Why UNICEF

Children have rights

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All children have the same right to develop their potential – all children, in all situations, all of the time, everywhere.

The Convention on the Rights of the Child (CRC) is the most widely ratified human rights treaty in history. It sets forth a wide range of provisions that encompass civil rights and freedoms, family environment, basic health and welfare, education, leisure and cultural activities and special protection measures.

 The Convention has several "foundation principles" that underpin all other children's rights. These include: non-discrimination; best interests of the child; right to survival and development; and views of the child.

Non-discrimination means that all children have the same right to develop their potential -- all children, in all situations, all of the time, everywhere.

The best interests of the child must be "a primary consideration" in all actions and decisions concerning her or him, and must be used to resolve confusion between different rights.

The right to survival and development underscores the vital importance of ensuring access to basic services and to equity of opportunity for children to achieve their full development.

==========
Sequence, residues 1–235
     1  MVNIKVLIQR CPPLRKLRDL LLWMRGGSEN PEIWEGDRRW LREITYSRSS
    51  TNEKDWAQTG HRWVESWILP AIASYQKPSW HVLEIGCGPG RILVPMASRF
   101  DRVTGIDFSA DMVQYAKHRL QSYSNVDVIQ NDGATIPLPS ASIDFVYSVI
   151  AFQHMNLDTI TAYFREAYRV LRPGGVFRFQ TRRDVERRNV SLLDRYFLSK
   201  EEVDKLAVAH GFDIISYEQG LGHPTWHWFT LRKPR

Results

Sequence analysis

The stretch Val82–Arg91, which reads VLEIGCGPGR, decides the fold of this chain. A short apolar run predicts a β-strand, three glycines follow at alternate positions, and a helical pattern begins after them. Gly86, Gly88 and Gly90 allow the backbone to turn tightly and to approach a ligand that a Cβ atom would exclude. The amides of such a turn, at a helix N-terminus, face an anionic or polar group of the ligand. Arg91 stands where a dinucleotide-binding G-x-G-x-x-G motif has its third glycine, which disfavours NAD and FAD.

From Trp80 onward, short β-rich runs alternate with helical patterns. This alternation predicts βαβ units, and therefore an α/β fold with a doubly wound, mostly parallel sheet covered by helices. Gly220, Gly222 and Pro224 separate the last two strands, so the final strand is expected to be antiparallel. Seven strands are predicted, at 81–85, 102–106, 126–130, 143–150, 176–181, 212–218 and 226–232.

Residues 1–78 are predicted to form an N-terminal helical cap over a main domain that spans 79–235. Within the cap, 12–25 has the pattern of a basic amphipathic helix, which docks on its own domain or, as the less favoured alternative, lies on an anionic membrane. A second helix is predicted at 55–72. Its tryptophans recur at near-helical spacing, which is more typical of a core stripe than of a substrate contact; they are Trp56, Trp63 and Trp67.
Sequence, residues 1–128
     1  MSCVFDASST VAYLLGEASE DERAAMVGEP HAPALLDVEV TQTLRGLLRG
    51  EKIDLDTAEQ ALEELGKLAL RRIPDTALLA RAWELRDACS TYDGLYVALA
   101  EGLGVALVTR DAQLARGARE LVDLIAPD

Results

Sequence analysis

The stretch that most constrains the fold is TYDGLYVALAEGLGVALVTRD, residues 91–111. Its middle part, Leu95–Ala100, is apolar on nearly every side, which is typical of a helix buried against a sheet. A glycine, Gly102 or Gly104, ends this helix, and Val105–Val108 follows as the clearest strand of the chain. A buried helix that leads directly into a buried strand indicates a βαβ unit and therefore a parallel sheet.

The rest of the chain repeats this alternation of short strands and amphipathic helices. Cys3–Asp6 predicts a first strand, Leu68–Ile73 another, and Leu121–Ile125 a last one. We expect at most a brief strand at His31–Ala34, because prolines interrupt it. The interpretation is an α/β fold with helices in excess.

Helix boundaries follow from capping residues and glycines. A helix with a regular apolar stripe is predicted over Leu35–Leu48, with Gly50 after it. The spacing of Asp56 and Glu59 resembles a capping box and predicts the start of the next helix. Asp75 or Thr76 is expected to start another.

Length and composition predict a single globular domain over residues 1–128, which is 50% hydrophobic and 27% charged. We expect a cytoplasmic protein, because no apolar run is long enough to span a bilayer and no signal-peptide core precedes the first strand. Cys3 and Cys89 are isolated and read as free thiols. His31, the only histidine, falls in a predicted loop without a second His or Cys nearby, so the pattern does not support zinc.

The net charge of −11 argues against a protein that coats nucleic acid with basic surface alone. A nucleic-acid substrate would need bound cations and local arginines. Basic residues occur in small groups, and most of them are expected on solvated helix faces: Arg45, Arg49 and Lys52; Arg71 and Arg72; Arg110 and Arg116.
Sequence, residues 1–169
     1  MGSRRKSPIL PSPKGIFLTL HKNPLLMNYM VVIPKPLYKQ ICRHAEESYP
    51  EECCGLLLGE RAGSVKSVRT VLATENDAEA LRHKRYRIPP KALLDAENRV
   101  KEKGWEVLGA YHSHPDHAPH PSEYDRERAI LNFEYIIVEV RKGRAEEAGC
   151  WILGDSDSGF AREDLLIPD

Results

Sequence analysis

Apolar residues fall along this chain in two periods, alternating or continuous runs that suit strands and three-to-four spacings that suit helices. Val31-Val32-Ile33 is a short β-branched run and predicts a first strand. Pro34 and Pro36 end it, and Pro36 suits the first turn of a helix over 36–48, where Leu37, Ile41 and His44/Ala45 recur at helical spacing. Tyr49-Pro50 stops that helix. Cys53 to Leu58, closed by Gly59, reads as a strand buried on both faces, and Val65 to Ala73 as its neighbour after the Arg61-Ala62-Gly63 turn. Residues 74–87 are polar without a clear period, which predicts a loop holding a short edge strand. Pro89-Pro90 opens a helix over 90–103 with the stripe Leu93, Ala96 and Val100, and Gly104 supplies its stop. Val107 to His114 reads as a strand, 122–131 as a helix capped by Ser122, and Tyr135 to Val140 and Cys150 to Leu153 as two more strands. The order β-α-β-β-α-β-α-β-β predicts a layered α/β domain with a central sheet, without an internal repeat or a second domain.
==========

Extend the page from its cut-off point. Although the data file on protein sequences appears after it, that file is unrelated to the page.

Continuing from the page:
The views of the child means that the voice of children must be heard and respected in all matters concerning their rights.  Countries must promote children's active, free and meaningful participation in decision-making that affects them.

The CRC has been ratified by over 190 countries since it was adopted unanimously by the United Nations General Assembly in November 1989. Ratification commits countries to a code of binding obligations towards their children. Thanks to the CRC, child rights are now at the cutting edge of the global struggle for human rights, to be ensured by adult society as a matter of legal obligation, moral imperative and development priority. In the years since the CRC was adopted, the world has seen dramatic gains for children.

However, children's rights are intimately tied to those of women. Realizing the rights and equality of women is not only a core development goal in itself, but it is also the key to the survival and development of children and to building healthy families, communities and nations. Discrimination against women hurts both women and the next generation of children, boys and girls alike. Starting even before birth, a child's health and development prospects are closely linked with the mother's health and socio-economic status. Women are, moreover, the primary care-givers for children. Resources put in the hands of women are more likely to be used to benefit children. The Convention on the Elimination of All Forms of Discrimination against Women (CEDAW) (external link) deals with countries' obligations to enact appropriate legislation, administrative and other measures, with the aim of achieving equality between men and women in all spheres of public and private life, including the family.

The CRC and CEDAW are part of the system of international human rights law. Other important documents on human rights are (external links) the United Nations Charter, the Universal Declaration of Human Rights, the International Covenant on Civil and Political Rights, and the International Covenant on Economic, Social and Cultural Rights

 

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